Book by Daniel S Wise, music and additional lyrics by Shlomo Carlebach, lyrics by David Schechter
Actors Temple Theatre, New York
Soul Doctor tells the unorthodox true story of Shlomo Carlebach, a Rabbi who became an unlikely pop star close to half a century ago.
Rather than striving for something deep and meaningful, after the moving early scenes in Vienna as the Nazis took power, book writer Daniel S Wise prefers schmaltz both in his story-telling and humour.
The plot will only really have full import for those who understand the enclosed community that the Jewish orthodox fundamentalists or Chassidim have created for themselves.
Shlomo Carlebach was brought up as the son of Vienna’s clearly affluent Chief Rabbi, played by Don Meehan.
As the Nazis became all-powerful, the bright youngster was already asserting independence, escaping the family home to follow an inspirational rabbi who immediately gets shot for singing a hymn to peace.
The family somehow escapes to the United States and Father begins to rebuild a congregation modelled on the one that they had been forced to leave behind.
The grown-up Shlomo and his brother are then enticed by a brand of Judaism even more extreme than that of their ultra-orthodox father and become evangelists for a kind of cult Rabbi.
However, apparently because he was struggling to find his own acolytes, Shlomo sought something a little racier than the standard service.
His search led to a jazz club and sassy Nina Simone, played and sung with relish by Dan’yelle Williamson.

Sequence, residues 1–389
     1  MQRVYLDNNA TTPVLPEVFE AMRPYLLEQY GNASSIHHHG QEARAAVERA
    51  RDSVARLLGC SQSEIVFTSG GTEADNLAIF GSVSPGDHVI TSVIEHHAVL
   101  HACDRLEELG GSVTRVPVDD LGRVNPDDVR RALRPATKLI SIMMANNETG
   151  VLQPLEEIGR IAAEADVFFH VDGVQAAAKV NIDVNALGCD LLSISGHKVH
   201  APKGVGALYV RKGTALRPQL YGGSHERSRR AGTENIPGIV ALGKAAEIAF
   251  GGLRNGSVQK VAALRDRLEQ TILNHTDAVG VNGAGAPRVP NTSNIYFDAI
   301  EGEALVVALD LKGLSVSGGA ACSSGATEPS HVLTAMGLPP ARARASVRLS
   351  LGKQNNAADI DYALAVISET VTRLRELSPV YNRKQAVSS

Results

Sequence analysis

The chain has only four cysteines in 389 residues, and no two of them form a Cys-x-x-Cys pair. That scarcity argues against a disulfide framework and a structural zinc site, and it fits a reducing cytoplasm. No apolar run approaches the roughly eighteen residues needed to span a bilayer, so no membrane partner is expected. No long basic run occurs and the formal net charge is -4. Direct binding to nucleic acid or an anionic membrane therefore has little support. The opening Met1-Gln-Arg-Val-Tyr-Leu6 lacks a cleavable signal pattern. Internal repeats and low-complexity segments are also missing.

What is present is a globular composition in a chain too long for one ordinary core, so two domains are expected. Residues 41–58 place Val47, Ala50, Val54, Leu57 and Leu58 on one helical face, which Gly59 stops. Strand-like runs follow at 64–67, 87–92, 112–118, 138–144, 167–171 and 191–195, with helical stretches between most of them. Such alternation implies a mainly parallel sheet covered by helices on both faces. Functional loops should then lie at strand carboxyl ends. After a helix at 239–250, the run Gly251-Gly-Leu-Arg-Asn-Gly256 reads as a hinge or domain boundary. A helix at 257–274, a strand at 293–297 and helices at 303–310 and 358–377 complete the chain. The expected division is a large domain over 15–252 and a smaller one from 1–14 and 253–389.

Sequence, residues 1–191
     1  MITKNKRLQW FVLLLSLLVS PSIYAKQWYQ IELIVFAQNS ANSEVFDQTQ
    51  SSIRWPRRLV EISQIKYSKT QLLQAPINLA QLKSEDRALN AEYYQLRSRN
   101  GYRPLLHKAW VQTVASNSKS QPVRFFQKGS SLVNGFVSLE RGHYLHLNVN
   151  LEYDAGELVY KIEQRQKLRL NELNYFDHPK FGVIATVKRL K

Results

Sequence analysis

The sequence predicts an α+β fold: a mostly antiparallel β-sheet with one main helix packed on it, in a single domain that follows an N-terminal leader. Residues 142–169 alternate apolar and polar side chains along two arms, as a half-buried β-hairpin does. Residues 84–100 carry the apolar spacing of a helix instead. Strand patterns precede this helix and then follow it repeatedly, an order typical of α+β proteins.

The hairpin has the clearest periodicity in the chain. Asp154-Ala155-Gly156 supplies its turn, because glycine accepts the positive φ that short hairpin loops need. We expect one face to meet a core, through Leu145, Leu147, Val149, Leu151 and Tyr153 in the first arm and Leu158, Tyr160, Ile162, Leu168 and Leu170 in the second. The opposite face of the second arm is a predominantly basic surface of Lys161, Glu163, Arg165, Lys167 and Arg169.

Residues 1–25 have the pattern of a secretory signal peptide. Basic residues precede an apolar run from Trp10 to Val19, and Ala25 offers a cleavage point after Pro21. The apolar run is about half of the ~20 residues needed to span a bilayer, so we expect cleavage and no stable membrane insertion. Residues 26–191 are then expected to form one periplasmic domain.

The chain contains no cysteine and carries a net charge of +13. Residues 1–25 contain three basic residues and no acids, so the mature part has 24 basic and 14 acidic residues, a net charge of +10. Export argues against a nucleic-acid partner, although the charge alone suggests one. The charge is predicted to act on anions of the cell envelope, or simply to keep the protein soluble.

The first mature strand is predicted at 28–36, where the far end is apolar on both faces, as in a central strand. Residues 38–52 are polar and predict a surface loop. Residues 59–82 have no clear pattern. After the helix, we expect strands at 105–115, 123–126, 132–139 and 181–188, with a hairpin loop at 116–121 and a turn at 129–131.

These soulmates soon build up an understanding, barely impeded by the strict ban on men and women communing, let alone touching.
From hereon in, the remainder of the 100 minutes becomes a fairy story. Shlomo, fighting his upbringing and friends, plays in a jazz club, is spotted by a producer who then rescues a disaster in the studio.
This is all pretty unlikely but it gets better as our hero flies even higher, creating a best-selling record, playing a rock concert in California before around one million people and remaining there to set up what looks more like a cult than a synagogue,
Likeable understudy Jacob Heimer led the cast well as Shlomo at the performance under review. Miss Williamson sang like a dream but was almost overshadowed in a minor role by Anthony Laciura, an operatic tenor who practically took the roof off the Actors Temple (a synagogue well-equipped for this spare-time role) every time that he opened his mouth.
Given all of this and pleasant rather than unforgettable music, Soul Doctor should be regarded as a lightweight rock opera with heavyweight Jewish leanings.
Reviewer: Philip Fisher